which had existed for over four years,
was actually achieved in 27 hours. The
German defense was caved in that the
Americans advanced hours ahead of
their time tablv everywhere.
The allies retain supremacy of the
nir, completely preventing German at
tempts to attack with machine guns
and bombs the roads which arc heavy
with traffic.
Thv salient has now been mopped up
(11 a. m.), but the number of prisoners
and guns ig not yet known. Many offi
cer prisoners say the Hindenburg line
is untenable in its present state. They
(Continued on page seven)
Chief of Staff March Says
America Will Be In War
Till finished Right
Reviews Operations Of Allies
Past Week On Entire
Western Front
By Carl D. Groat
(Tnited Press Staff Correspondent)
Washington, Sept. 14. Seven billion
dollars for next year' military opera
tions will be asked of congress by the
war department
Chief ot Staff March today let this
be known in hotly disposing of press
intimations that America will not go
through with the war.
Such a claim, he said, is preposterous
in its falsity. .
He declared -tors country is asking
more men and more wllliouOir smash
on to victory. ' ,
.Discussing the American St.' Mihiel
victory, he paid strong tribute to the
spirit, enthusiasm, precision and dash
of tho American staff and men.
These elements, ho said, are ''hot
The new line creatd by wiping out
the salient will be the basis o fur
thr operations.
The general pointed ont that the line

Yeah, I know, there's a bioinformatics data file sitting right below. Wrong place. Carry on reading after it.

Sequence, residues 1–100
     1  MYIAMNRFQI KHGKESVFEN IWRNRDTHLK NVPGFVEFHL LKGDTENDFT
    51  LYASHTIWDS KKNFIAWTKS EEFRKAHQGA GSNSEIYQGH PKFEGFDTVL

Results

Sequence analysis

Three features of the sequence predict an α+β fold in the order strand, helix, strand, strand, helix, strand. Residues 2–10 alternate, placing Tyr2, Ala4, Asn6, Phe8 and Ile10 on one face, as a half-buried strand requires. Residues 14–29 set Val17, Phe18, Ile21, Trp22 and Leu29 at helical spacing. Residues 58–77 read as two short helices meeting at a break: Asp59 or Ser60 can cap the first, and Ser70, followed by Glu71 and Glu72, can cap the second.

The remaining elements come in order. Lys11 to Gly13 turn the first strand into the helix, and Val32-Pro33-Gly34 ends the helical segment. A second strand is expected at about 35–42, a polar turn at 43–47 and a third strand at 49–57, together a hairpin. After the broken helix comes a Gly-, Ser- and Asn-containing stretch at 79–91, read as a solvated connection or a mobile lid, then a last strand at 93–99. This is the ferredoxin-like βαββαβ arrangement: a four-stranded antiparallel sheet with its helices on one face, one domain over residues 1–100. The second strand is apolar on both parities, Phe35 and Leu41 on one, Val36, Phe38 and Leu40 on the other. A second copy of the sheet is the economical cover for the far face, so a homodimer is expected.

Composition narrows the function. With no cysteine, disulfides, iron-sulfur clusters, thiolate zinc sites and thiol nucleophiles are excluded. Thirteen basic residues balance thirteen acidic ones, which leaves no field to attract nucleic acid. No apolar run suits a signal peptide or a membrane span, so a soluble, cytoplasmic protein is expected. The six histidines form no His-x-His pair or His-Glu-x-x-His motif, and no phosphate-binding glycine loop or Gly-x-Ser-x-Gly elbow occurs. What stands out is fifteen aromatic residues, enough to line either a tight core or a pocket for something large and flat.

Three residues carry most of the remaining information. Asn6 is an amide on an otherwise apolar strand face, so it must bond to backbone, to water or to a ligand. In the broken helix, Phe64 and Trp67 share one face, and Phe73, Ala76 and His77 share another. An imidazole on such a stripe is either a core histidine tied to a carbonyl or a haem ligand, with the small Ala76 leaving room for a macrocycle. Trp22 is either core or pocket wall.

has been shortened 22 miles by the St.
Mihiel operation and added that this
gives a much better base for future
"offensive operations."
Whether these operations will be
continued immediately or will develop
later, lie did not Bay.
With a tracce of sarcasm, March re
ferred to the Teuton communique which
said the German withdrawal was plan
ned for years. This, he said did not
cover, however, tho "fact that over
13,000 prisoners, the battle strength of
an enfir3 German division, had been
Units participating in the drive have
not yet been reported.
Eeviewino; the military operations of
the past week, the chief pointed out
that in the north the lintwi and
French aie nowhere more than five
miles from the Hindenburg line. As for
tho St. Mihiel situation, he paid, this
salient was the first to be established,
the last to go and the narrowest- one
in the F'cnch line.
The importance of wining it out lay
-mainly, ho said, in Are ing railway
communications from Verdun to Coiu
mercy and Toul. Quick, sharp blows on
both flanks were responsible for